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Margaret Cooke

Year of Award: 2013 Award State: New South Wales Health And Medicine > Nursing
To undertake a cross-jurisdictional study of regulatory requirements and programs for managing health and performance notifications about nurses and midwives to improve safety and standards - UK, Ireland, USA, Canada, New Zealand
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I am a nurse and a midwife and currently hold the position of Executive Officer of the Nursing and Midwifery Council of NSW. The objectives of the Council are to maintain professional standards and protect public safety and trust in the professions. The Council is responsible for managing conduct, performance and health impairment reports made about nurses and midwives.

The purpose of my Churchill Fellowship project was to examine the way other countries regulate nurses and midwives to minimize risk, and improve professional standards. Particular areas of interest were strategies used for early intervention and prevention.

During the Fellowship I visited five countries: UK, Ireland, US, Canada and NZ. I collected an enormous amount of information and data, learnt a great deal and made some new friends. I will use the information gained to advocate for changes in the law in Australia; facilitate improved governance by the Council; introduce and trial new techniques in the management of complaints in NSW; and facilitate collaboration with the goal of sharing intelligence to enable the early identification and mitigation of risks to public safety.

There are differences in terminology between the various jurisdictions and care must be taken when interpreting information and documents from other jurisdictions. For example, impairment in the UK relates to impaired fitness to practise generally, whereas, impairment in NSW relates specifically to physical or mental health impairment. There are many such differences in meaning in the jurisdictions and misunderstanding may have occurred. If clarification is required, I recommend that readers seek information from the regulator’s website in the first instance and if more information is needed contact the regulator directly.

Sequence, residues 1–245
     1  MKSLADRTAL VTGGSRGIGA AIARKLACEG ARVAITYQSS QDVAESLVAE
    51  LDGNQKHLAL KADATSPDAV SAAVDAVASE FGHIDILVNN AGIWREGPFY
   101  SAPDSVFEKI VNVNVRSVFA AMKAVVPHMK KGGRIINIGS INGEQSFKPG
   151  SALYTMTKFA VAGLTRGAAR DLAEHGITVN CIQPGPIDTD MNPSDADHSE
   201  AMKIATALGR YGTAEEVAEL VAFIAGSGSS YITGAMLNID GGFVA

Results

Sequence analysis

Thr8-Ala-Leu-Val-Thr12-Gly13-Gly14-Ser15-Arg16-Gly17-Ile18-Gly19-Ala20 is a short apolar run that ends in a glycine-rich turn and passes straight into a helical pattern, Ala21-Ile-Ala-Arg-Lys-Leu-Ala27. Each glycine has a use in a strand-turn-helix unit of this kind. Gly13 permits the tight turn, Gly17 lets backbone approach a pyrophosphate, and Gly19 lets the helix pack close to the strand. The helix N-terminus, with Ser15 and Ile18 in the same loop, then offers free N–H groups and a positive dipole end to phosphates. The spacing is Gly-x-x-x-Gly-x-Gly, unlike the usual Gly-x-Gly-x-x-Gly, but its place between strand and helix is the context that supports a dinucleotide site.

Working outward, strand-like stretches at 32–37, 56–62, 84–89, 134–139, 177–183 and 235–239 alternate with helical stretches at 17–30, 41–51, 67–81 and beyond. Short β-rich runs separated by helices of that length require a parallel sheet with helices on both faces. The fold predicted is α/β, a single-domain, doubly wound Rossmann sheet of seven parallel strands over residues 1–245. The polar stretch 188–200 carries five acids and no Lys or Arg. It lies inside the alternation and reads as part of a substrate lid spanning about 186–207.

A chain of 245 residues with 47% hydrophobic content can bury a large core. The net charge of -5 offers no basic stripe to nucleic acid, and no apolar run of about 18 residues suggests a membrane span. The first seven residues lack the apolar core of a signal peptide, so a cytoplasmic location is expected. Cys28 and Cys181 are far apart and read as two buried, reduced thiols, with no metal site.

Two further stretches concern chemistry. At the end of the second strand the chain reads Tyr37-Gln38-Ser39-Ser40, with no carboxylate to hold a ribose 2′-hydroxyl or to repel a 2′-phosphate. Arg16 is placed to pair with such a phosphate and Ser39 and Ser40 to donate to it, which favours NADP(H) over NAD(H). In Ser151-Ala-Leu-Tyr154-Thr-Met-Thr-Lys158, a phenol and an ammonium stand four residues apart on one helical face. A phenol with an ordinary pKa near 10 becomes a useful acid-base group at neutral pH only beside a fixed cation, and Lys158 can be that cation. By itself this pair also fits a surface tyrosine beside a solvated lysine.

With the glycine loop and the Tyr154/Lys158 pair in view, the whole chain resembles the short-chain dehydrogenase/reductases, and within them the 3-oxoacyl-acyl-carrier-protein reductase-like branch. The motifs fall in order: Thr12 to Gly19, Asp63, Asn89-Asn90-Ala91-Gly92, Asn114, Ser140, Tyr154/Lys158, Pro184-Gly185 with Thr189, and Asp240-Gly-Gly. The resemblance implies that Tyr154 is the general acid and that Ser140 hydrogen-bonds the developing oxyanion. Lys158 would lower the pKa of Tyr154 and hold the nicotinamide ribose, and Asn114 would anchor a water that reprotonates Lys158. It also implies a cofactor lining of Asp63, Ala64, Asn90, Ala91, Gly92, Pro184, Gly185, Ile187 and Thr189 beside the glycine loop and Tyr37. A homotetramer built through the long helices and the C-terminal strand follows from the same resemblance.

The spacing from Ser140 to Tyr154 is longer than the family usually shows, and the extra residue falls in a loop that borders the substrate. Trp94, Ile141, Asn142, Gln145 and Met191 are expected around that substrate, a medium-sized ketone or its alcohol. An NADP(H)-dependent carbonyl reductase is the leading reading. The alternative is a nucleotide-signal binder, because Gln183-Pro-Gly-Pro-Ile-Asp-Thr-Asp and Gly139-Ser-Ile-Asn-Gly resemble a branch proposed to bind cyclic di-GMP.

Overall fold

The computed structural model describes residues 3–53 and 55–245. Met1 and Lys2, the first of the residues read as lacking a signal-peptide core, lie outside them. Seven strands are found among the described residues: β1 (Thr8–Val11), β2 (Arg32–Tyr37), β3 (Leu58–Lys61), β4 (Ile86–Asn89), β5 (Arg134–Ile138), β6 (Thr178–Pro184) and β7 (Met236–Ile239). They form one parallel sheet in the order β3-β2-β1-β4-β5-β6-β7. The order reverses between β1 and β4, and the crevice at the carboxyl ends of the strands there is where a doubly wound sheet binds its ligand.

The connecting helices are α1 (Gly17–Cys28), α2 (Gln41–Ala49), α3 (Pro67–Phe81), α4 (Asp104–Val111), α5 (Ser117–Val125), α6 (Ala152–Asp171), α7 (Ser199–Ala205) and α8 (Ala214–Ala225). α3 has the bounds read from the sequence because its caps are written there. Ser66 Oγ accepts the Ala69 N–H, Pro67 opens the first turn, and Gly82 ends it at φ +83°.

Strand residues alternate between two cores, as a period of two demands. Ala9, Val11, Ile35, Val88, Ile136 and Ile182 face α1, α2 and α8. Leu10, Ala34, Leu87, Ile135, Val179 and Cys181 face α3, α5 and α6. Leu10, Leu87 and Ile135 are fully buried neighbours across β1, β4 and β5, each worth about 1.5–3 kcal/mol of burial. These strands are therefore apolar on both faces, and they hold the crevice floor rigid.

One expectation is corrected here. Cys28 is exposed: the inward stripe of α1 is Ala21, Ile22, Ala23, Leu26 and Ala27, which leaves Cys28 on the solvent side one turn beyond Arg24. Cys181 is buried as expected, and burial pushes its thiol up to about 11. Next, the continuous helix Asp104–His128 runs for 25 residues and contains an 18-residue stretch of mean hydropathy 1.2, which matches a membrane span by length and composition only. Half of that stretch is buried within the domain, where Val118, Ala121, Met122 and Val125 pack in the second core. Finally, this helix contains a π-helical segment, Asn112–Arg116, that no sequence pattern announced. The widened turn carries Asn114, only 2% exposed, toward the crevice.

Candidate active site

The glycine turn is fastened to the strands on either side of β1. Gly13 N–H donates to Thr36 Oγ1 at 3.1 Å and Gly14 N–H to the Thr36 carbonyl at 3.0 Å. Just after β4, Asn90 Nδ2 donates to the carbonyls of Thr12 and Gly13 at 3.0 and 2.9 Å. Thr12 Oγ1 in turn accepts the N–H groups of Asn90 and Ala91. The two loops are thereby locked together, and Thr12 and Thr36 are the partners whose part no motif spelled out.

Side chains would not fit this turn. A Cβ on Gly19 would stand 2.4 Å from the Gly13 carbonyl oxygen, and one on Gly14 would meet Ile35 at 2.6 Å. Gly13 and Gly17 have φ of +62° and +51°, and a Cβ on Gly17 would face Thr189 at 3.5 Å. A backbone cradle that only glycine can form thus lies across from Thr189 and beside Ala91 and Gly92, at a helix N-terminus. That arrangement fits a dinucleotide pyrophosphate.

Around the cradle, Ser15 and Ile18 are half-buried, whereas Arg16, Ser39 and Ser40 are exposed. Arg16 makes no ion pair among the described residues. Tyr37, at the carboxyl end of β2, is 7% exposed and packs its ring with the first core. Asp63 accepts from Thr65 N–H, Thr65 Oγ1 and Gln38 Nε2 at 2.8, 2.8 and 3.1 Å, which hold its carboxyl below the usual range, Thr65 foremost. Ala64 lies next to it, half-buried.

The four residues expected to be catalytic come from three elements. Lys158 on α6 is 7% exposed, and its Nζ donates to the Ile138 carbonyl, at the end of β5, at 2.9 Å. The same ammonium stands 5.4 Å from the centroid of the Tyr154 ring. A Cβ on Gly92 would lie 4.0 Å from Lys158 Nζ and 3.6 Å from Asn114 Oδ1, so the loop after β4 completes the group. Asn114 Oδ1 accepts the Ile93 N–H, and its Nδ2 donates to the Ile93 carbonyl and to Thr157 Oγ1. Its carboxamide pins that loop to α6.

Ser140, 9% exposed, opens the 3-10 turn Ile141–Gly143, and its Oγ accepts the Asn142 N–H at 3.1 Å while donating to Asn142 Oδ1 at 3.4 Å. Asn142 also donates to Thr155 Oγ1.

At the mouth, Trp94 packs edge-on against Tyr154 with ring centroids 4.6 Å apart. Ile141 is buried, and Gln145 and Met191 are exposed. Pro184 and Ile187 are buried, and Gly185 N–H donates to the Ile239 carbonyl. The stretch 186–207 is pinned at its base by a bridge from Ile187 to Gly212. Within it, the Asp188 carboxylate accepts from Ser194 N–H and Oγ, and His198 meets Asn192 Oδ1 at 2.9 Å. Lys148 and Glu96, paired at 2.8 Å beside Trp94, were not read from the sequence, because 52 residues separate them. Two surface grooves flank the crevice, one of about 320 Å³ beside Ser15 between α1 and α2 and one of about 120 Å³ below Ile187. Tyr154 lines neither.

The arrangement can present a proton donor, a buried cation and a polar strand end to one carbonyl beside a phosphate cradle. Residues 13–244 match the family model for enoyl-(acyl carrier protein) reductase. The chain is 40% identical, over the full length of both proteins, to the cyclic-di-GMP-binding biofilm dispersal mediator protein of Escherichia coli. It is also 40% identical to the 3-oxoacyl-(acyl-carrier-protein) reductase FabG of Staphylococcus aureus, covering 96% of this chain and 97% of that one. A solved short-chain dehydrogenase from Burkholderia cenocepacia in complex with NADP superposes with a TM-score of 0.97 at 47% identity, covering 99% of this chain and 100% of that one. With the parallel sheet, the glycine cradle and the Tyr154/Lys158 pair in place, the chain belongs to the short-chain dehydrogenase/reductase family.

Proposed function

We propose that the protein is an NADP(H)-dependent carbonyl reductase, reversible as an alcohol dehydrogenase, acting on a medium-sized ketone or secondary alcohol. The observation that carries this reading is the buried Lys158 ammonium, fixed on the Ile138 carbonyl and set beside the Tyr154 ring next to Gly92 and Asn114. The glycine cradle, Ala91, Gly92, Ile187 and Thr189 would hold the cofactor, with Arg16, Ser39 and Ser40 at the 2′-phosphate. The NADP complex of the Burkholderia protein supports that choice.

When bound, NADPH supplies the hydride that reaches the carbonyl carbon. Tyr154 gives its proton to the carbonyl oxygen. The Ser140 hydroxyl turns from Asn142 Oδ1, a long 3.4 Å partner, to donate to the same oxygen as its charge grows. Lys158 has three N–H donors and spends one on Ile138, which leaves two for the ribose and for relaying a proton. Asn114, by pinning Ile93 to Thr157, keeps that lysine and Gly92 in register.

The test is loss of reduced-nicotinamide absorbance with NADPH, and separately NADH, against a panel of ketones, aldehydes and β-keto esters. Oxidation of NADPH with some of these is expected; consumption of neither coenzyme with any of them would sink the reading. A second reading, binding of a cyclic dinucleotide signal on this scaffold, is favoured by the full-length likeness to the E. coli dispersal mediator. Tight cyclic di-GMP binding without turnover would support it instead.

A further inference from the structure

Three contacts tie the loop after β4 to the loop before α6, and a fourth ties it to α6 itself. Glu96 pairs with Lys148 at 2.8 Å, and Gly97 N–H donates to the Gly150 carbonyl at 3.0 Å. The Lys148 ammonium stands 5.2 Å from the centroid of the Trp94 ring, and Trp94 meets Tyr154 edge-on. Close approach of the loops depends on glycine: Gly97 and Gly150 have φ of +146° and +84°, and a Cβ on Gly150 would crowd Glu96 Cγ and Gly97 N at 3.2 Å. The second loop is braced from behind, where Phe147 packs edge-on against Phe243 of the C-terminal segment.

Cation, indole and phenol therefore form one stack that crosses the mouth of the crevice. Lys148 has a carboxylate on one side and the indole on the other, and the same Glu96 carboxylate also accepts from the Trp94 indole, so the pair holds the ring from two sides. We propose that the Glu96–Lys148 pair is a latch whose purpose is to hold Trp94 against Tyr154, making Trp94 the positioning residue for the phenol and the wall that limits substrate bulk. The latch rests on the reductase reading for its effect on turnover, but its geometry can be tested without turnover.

Regulators function under very different legislation, which both directs and limits regulatory processes in different ways in all the jurisdictions. Sometimes these limitations of legislation lead to innovative “work arounds” and on other occasions legislative change is required. The environment in which the regulators function also differs greatly and this can significantly impact on the roles and functions of regulators, the actions taken by regulators and the relationships they form with other organisations. In short, it is complex. Nevertheless, all the regulators in the project had similarity of purpose, which was the protection of the public through the development and assurance of professional standards. 

It is unlikely that I have picked up all the nuances in the different jurisdictions in the short time I visited. I have been working and implementing the Health Practitioner Regulation National Law (NSW) for 3 years and I am still learning new things about the Law and its interpretation. 

I would like to thank the Churchill Trust for making the project possible, the Health Professional Regulation Agency and the Nursing and Midwifery Council for allowing me the privilege of doing the project and all my colleagues with whom I work (especially Kim Bryant) for continuing their excellent work while I was away.

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